07 June 2021

Criminal Notes & Queries

The most recent number of Canadian Notes & Queries – The Crime Issue – arrived last week in our Upper Canada rural mailbox. I was honoured to serve as Guest Editor. It was a pleasure putting it together, though I must admit that the heavy lifting was done by regular editor Emily Donaldson.

As always, Seth's provides the front and back covers. Tell the truth, do you not see yourself in one of his mugshots?

In The Landscape, Seth shares an undated, uncredited insert from The Weekend Magazine – which, as he notes, was itself an insert.

"What’s Old," our regular salute to reissues, coupled with offerings from the country’s antiquarian booksellers features Austin Clarke's When He Was Free and Young and He Used to Wear Silks (Anansi, 2021),  Carmine Starnino's Dirty Words: Selected Poems, 1997-2016 (Gaspereau, 2021), a new translation of Markoosie Patsauq's Hunter with Harpoon (MQUP, 2021). Windsor's Juniper Books offers The Executioners (Harlequin, 1951) and French for Murder (Fawcett, 1954), two old Brian Moore pulps that the late author's estate has kept out of print.

The Guest Editor’s Note, in which I recall childhood trauma brought on by a speeding ticket, is followed by this issue's Dusty Bookcase. This one is unusual in that the volume covered, Grant Allen's fin de siècle novel An African Millionaire, is not only in print, but is a certified Penguin Classic. We all remember studying it in high school, right?

Adam Sol and Manahil Bandukwala provide verse.

The issue's features begin with "Sin City," Will Straw's look at Police Journal, the post-war Montreal crime tabloid that anticipated Allô Police.

In "A Requiem for Skid Row," Amy Lavender Harris writes about a Toronto that has fallen to condos, but lives on in the works of Juan Butler, Austin Clarke, and Hugh Garner.

Novelist Trevor Ferguson (aka John Farrow) writes of his encounters with the criminal element in  "Fringe Elements."

Dedicated readers will remember my interest in the mysterious Kenneth Orvis (aka Kenneth Lemieux), author of Hickory House, The Damned and Destroyed,  Cry, Hallelujah!, and four other novels. You may even remember my 2016 plea for information about the man. Imagine my surprise in discovering that former 39 Steps frontman Chris Barry – whom I've seen onstage in Montreal and onscreen in Hannah and Her Sisters – is the mystery man's nephew.  Chris' "Uncle Ken, We Hardly Knew Ye: Kenneth Orvis’ Nephew Surveys the Writer’s Life, Hustles, and Mysterious Disappearance" helps fill in the gaps.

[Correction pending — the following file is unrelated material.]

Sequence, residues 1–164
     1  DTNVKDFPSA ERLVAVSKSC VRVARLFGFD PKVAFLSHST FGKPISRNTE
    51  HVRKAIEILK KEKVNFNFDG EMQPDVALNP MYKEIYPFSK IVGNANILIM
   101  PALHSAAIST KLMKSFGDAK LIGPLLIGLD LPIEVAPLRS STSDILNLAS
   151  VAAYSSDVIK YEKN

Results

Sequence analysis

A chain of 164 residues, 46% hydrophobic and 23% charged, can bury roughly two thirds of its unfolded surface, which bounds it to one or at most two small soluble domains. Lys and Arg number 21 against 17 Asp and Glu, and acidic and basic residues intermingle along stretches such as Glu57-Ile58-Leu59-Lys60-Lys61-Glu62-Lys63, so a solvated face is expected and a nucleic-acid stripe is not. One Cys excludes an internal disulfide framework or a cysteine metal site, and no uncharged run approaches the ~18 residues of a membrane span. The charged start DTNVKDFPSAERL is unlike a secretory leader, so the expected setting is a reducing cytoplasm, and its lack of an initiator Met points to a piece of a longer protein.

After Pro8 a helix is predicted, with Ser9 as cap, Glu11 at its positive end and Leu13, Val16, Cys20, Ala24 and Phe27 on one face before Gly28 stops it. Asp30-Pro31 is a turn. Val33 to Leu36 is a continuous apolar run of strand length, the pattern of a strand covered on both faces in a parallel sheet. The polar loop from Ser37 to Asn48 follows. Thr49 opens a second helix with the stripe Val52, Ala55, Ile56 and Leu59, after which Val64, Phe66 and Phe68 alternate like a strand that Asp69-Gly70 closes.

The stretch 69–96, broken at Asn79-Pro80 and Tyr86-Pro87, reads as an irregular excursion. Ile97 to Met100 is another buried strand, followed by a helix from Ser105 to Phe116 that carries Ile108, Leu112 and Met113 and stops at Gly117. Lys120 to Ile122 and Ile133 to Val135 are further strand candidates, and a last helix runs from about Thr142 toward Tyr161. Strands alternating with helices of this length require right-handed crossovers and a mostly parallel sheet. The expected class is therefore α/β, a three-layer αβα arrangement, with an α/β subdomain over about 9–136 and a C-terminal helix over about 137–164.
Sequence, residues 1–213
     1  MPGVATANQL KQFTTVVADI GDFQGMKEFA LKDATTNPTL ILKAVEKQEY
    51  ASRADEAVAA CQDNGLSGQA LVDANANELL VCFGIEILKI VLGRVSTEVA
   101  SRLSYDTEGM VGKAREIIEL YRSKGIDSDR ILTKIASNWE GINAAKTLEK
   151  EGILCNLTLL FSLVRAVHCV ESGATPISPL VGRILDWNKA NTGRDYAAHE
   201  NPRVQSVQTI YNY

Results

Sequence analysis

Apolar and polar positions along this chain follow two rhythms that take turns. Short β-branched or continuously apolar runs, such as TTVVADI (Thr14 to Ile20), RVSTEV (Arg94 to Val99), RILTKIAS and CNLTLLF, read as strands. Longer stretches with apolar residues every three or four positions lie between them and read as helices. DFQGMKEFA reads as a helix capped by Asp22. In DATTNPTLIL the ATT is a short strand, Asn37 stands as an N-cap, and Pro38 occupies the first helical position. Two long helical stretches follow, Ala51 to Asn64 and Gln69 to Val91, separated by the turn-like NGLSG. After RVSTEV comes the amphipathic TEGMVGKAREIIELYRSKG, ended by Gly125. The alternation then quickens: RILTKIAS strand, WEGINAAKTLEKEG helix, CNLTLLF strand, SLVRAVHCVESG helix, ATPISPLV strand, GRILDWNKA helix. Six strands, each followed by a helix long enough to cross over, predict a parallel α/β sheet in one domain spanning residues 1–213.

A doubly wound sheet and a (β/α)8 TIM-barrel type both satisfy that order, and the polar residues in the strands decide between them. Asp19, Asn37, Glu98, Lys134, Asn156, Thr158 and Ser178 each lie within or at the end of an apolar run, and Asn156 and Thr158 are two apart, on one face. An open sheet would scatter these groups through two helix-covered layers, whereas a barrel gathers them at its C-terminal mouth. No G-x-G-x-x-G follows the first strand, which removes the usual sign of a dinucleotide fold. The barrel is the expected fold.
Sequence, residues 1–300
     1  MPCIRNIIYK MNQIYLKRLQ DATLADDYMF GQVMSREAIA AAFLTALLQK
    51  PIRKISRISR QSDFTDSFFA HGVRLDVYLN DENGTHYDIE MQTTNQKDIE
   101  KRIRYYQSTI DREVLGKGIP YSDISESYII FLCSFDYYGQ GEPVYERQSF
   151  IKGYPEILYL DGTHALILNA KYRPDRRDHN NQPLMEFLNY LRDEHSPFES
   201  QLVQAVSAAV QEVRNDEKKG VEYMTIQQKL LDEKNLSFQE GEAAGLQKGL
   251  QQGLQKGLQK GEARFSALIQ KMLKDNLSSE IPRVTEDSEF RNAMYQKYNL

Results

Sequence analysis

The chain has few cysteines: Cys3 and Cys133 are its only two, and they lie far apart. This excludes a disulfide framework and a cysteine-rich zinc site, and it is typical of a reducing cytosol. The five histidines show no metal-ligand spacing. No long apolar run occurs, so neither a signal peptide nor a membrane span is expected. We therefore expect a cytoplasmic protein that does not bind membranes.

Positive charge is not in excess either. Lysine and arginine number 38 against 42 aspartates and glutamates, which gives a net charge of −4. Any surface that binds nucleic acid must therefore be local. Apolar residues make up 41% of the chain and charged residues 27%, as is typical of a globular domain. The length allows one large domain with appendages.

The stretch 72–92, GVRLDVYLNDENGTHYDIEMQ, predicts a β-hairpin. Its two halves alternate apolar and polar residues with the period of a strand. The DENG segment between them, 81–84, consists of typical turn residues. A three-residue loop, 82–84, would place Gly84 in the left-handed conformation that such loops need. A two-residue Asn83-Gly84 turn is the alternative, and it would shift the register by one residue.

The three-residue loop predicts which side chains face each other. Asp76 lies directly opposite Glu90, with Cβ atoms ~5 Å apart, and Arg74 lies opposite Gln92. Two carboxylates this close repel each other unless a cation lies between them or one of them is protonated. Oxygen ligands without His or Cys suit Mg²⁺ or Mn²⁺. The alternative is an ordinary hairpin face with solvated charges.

In "Vale of Fears," Monika Bartyzel looks at the influence of a 1935 murder on the fiction of Phyllis Brett Young, our most unjustly neglected novelist.

Jennifer Hambleton disturbs with "Shut Out: How University Libraries are Increasingly Limiting Public Access.

David Frank writes on the relationship between Jack London and all but forgotten Canadian socialist Wilfrid Gribble.

Chris Kelly looks at Blue City, the 1986 adaptation of the 1947 Ross Macdonald novel of the same name. You remember it, right? Judd Nelson and Ally Sheedy starred.


This GIF may refresh you memory.

I intrude again with an interview with Danny McAuley of Brome Lake Books in Knowlton, Quebec.

David Mason's Used and Rare column concerns book thieves and a revelation about a certain famous author.

In the North Wing - selections from the Lost Library of CanLit Graphic Novels -  Nathan Campagnaro adapts Thomas King’s DreadfulWater.

We've also got a new short story from Caroline Adderson, “All Our Auld Acquaintances Are Gone.”

At a time when newspapers and magazines are slashing space devoted to book reviews, we buck the trend with:
Bruce Whiteman on Erin McLaren’s Little Resilience
Rohan Maitzen on Anna Porter’s The Appraisal and Deceptions
Laura Cameron on Amanda LeDuc’s The Centaur’s Wife 
Brett Josef Grubisic on Michael Melgaard’s Pallbearing 
Alex Good on Pasha Malla’s Kill the Mall 
Paige Cooper on Carrie Jenkins’ Victoria Sees It 
Dancy Mason on Patricia Robertson’s Hour of the Crab 
James Grainger on Andrée A Michaud’s Mirror Lake
Emily Donaldson on Sarah Berman’s Don’t Call it a Cult
The Shelf Talker belongs to The Bookshelf in Guelph. Catherine Bush's Blaze Island is one of their four titles.

As always, we finish off with Stephen Fowler's Exhumations. His pick this issue is Writing Thrillers for Profit: A Practical Guide by Basil Hogarth (London, Black, 1936), a volume that once belonged to "a recently deceased author of detective novels." Stephen suggests that it may have been a "joke gift." I'm betting he's right.

The CNQ Crime Issue can be purchased through this link.

It's a steal.

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